140 Republicans Turn Their Backs on President Trump…Side With Dems

As political tensions continue to rise, 140 Republicans have joined forces with Democrats on a bill that President Donald Trump says he will veto. 

Dems Wants Social Media Censorship

The Democrats have control of the House and on Tuesday they passed a defense policy bill. President Trump had already said he would veto the bill as it currently stands so a showdown is expected to occur.

The vote came down to 335-78 in favor of the $731 billion defense measure. President Trump said he wanted to see the bill hammer down on bias social media monopolies that have attacked free speech and censored truth about election integrity.


Trump tweeted Tuesday that he will veto “the very weak National Defense Authorization Act,” unless it gets rid of Section 230 which protects Twitter, Facebook and other tech giants from content liability.

140 Republicans Turn Their Back on Trump

The bill also gives 3% pay raises for U.S. troops and military programs but Congressional Democrats and 140 Republicans refused to compromise.

NBC News reports:


The final vote represented approval from more than 80% of the House — well above the two-thirds support required to override a potential veto. A total of 140 Republicans joined 195 Democrats to back the bill, which now goes to the Senate.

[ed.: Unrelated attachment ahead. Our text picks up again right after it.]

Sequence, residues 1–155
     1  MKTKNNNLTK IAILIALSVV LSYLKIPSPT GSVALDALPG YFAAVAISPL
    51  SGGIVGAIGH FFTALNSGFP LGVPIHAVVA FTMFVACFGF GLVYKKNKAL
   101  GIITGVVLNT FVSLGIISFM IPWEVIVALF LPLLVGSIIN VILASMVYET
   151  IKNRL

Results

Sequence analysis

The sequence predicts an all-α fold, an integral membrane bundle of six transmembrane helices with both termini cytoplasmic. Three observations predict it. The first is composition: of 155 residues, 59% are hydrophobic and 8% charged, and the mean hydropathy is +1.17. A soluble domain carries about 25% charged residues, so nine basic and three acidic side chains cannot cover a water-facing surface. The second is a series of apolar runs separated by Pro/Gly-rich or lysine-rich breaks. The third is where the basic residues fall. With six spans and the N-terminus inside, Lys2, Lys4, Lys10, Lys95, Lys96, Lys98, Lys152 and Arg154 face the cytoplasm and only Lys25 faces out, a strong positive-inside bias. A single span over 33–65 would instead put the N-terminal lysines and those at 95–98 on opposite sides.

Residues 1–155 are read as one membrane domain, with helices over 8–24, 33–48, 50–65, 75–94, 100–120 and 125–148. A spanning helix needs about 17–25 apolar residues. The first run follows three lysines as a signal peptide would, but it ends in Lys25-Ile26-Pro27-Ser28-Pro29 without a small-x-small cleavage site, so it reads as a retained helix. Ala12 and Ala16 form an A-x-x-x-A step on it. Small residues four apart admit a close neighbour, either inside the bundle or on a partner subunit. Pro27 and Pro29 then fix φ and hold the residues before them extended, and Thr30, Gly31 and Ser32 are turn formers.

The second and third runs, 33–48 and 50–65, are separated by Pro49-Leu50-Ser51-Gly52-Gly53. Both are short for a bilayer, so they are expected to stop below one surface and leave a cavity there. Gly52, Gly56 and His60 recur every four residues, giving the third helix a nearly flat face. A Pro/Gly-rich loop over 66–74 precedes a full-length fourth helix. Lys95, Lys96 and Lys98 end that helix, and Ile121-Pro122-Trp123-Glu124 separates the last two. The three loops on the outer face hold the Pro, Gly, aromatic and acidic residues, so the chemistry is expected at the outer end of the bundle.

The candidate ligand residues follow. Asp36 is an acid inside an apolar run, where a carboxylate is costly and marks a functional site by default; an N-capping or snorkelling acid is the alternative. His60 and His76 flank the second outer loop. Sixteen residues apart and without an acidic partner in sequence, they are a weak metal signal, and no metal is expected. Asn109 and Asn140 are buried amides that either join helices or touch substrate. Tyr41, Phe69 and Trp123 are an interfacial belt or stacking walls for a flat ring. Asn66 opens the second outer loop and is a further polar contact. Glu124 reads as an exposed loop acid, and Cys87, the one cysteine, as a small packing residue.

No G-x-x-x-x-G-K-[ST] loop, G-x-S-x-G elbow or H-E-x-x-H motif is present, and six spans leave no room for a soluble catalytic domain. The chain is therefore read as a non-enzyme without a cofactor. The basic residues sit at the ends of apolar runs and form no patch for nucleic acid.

Wyoming Rep. Liz Cheney, a member of the House Republican leadership, urged Trump not to follow through on his veto threat, but added that if he does veto it, “We should override.”

If Trump vetoes the bill, “we will come back to vote to override,” said Rep. Adam Smith, D-Wash., the chairman of the House Armed Services Committee.

RINOs Everywhere

Despite the 140 potential RINOs, there were quite a few Republicans who stood with the president.

“We stand with the president,” said Rep. Andy Biggs, R-Ariz., the group’s chairman. “This particular NDAA bill is filled with flaws and problems,” including limitations on troop withdrawals ordered by Trump in Afghanistan and Germany, Biggs said.

Now it is up to the Senate to either pass or decline the bill.

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